So, you think about some of the classic closes it’s about control and I think there’s a lot that you can build in trust, in the prospect by being in control. So, like I am the professional, I’m gonna take you on this journey, you can trust me, we will get there right. Like when you go into your doctor there’s already an inherit level of trust because you know what it takes for that person to be a doctor. But when they tell you what to do and their guiding you through the process, you’re you know you’re trusting that you know they want to take care of you. And I think what’s interesting is that you can build trust and prospects in many different ways.
One of which is just being in control of the process and having a system that also you know allows you to be a human.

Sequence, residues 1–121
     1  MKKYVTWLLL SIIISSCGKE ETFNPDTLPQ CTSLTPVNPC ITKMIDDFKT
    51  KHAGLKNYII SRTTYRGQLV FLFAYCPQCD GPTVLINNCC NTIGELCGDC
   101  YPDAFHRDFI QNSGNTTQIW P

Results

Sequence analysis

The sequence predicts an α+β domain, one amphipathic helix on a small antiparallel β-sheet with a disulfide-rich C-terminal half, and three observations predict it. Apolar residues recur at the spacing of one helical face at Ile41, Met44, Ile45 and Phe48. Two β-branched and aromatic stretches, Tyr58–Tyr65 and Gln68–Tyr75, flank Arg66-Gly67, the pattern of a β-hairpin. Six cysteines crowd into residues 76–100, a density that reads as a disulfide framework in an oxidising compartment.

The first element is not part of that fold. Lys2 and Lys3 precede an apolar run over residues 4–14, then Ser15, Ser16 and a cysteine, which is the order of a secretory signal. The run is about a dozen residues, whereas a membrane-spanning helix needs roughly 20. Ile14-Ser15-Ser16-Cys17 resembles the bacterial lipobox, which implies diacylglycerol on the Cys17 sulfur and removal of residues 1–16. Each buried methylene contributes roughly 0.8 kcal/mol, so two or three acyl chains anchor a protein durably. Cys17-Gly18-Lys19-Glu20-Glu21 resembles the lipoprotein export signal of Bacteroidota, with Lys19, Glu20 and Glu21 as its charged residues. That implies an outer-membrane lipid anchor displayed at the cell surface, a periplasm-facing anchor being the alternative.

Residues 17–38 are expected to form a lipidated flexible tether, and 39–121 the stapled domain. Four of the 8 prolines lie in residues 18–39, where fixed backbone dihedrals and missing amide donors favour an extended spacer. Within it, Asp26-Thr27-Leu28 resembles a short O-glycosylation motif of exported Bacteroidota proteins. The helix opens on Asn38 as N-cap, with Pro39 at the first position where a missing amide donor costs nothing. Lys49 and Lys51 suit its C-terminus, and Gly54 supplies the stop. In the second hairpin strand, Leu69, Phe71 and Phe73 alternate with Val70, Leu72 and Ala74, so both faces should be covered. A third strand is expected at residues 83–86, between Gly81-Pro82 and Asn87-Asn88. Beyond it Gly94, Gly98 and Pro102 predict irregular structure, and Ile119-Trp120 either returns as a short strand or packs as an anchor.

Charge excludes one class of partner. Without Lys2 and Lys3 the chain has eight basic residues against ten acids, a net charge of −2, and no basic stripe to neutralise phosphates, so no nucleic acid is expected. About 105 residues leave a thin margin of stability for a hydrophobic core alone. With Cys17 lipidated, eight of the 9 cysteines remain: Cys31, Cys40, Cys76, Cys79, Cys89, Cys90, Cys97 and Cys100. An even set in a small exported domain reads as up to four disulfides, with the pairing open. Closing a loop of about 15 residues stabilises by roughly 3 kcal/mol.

Daniel: Yeah, that’s it, I like the way you phrase that.
Jason: There we go now we’re done, here we go. So its interesting thing, I never really you know obviously I think about control in terms of you know the classic is whoever’s asking questions is in control. And so you want to make sure that you have control and you’re asking questions and I’ll cover that in a different episode. But you know also how control helps build the trust because it’s like, hey you know follow me I know where you need to go based on what you’ve already told me.
Daniel: Yeah, and really that control it you don’t just find it right at the end of the sales process right. Like you’re building that control three calls ago and planning the sets for it and you know that that’s what like a longer sales process and the high ticket closes needs to be is more of the multi-layered closes. We already talked about this early on, you exhibited that this is far and away the most important thing for. You know it’s time for us to move forward you know, but you’ve already created several different layers of closing that are leading you to that that last ask for business.
So, that’s the only thing I would add on to that is, like it doesn’t just happen there right like it’s a build.